The Methodists had a long history in Easton, the first near-one-hundred years of which were recounted in chatty detail by Unitarian minister and town historian, William Chaffin, in his 1886 History of Easton.*  As the Methodists, founded by Wesley brothers John and Charles, gained adherents in the late 18th and early 19th century, the sect took hold in Easton, too, shortly after the demise of the local Baptist Society. In addition to their welcoming services and missionary zeal, Methodists offered something special to congregations everywhere: Music.

The “sing” that Evelina went to today at the Methodist meeting house was a gathering to sing hymns, many of which were written by the Wesley brothers themselves. Also in attendance was at least one Ames son, and probably the other two as well.  The boys enjoyed the sings, both for the music and for the chance to socialize with other young people.  Oliver (3), who was very musical, was particularly fond of the gatherings.

* William Chaffin, History of Easton, 1886.

 

July 19, 1851

Lightning

 

1851

July 19 Saturday  To day I have been sitting with mother

sewing on muslin & cambric insertion mending &c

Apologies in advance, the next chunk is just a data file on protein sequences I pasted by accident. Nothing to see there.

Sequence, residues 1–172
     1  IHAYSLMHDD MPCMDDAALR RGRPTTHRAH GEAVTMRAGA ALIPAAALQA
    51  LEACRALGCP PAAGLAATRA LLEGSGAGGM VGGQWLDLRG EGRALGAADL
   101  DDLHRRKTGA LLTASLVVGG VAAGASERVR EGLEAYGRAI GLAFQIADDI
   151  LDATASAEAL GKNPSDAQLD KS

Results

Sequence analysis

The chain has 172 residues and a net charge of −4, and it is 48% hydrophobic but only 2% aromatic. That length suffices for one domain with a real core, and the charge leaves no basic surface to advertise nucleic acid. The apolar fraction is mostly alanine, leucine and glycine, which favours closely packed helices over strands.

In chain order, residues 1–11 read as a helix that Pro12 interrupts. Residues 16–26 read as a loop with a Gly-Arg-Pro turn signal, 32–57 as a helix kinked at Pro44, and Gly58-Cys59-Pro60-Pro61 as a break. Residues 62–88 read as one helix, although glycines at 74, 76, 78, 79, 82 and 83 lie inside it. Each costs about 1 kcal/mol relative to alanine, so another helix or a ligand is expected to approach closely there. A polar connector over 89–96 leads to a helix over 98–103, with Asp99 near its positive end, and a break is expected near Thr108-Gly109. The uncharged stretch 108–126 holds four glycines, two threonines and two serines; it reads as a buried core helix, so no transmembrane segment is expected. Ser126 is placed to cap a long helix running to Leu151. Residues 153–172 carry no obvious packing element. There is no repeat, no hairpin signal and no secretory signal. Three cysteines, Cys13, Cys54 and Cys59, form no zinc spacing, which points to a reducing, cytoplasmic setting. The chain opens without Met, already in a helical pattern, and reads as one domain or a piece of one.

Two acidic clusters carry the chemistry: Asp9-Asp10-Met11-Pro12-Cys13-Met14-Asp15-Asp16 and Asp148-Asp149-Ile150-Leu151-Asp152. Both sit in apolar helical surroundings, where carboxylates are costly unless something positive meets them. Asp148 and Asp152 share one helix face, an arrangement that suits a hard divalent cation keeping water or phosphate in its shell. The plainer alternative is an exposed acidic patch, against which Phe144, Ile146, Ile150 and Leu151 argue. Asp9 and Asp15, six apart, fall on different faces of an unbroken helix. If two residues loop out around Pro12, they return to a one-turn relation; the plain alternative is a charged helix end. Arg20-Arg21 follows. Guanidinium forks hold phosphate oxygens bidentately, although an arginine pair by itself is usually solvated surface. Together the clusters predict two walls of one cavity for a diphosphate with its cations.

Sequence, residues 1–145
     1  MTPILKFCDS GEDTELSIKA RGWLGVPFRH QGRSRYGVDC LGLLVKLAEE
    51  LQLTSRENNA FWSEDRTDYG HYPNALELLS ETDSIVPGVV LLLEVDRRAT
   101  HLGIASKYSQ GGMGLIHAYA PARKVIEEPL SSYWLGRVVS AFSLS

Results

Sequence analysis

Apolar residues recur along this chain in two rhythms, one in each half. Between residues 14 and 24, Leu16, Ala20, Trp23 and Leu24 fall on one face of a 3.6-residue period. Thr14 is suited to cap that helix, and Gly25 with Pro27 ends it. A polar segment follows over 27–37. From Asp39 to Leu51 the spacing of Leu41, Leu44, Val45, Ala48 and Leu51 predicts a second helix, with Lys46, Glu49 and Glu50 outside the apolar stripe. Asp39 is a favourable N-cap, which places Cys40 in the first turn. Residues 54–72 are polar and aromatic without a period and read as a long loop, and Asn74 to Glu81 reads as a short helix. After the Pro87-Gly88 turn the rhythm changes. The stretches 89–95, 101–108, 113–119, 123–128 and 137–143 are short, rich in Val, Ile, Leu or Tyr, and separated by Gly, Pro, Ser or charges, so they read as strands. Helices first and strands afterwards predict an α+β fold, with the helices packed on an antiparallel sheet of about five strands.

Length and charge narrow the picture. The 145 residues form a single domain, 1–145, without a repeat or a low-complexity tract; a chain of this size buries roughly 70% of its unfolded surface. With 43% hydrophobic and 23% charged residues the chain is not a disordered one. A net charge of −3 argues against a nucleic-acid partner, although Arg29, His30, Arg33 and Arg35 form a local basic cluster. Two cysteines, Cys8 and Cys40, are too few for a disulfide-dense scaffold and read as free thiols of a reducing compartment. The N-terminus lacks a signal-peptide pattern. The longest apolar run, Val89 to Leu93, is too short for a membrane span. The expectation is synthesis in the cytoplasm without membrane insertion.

It has been very showery accompanied with heavy

thunder and very sharp lightning  Oakes Angier

went to Mr Algers after some butter to night and

carried Mother home  Orinthia is here to day

called this afternoon to see Abby Torrey 

Yesterday’s hot, sticky weather gave way to thunderstorms today, with “very sharp lightning.”

Hannah Lothrop Gilmore returned to the family farm, driven there by her grandson Oakes Angier Ames.  He went on to pick up some butter at the farm of Bernard and Vesta Alger, who lived not far from the Gilmores on the turnpike road.  It’s curious that Evelina was buying butter this summer, because earlier in the year she had been selling it.

Orinthia Foss was back at the Ames’s for a visit, up from the home of Elijah and Nancy Howard where she was boarding. She went into the village to pay a call on Evelina’s niece, Abigail Williams Torrey. Evelina, meanwhile, spent her Saturday mending everyone’s clothes, and working on an “insertion” for one of her dresses.

July 18, 1851

large-1053

1851

Friday July 18  This forenoon finished my Silk Muslin dress

made a chimisette for it  Mother is not at all well

and is not easy cannot stay in one place a great while

Oliver went with Mrs S Ames after Helen.  Got to

Dorchester about 5 Oclock and home about half past nine

The weather is hot and uncomfortable.  Fred returned

to night having passed a good examination

 

Fred Ames was accepted at Harvard!  He shared the good news with his relatives when he returned to North Easton this evening. He did well on his examination, which perhaps constituted some combination of interview and oral or written test of the depth of his knowledge. How proud his parents must have been, and what relief he must have felt to have the entrance hurdle behind him.